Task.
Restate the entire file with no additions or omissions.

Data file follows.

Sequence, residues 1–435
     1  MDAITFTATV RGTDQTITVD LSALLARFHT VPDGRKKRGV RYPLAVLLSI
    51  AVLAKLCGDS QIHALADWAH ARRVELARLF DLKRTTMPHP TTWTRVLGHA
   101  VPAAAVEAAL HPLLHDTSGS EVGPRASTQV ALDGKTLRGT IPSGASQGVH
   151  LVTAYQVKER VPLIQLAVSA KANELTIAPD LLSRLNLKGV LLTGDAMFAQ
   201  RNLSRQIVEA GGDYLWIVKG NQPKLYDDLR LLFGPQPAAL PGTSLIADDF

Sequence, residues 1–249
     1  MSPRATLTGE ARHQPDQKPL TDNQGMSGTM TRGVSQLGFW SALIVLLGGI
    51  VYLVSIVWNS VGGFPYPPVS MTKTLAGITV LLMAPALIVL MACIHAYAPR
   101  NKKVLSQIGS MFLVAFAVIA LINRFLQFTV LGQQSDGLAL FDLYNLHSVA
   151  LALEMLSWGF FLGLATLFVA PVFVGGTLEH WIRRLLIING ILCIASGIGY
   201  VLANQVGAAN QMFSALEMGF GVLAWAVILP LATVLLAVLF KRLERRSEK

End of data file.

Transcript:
Sequence, residues 1–435
     1  MDAITFTATV RGTDQTITVD LSALLARFHT VPDGRKKRGV RYPLAVLLSI
    51  AVLAKLCGDS QIHALADWAH ARRVELARLF DLKRTTMPHP TTWTRVLGHA
   101  VPAAAVEAAL HPLLHDTSGS EVGPRASTQV ALDGKTLRGT IPSGASQGVH
   151  LVTAYQVKER VPLIQLAVSA KANELTIAPD LLSRLNLKGV LLTGDAMFAQ
   201  RNLSRQIVEA GGDYLWIVKG NQPKLYDDLR LLFGPQPAAL PGTSLIADDF

Sequence, residues 1–249
     1  MSPRATLTGE ARHQPDQKPL TDNQGMSGTM TRGVSQLGFW SALIVLLGGI
    51  VYLVSIVWNS VGGFPYPPVS MTKTLAGITV LLMAPALIVL MACIHAYAPR
   101  NKKVLSQIGS MFLVAFAVIA LINRFLQFTV LGQQSDGLAL FDLYNLHSVA
   151  LALEMLSWGF FLGLATLFVA PVFVGGTLEH WIRRLLIING ILCIASGIGY
   201  VLANQVGAAN QMFSALEMGF GVLAWAVILP LATVLLAVLF KRLERRSEK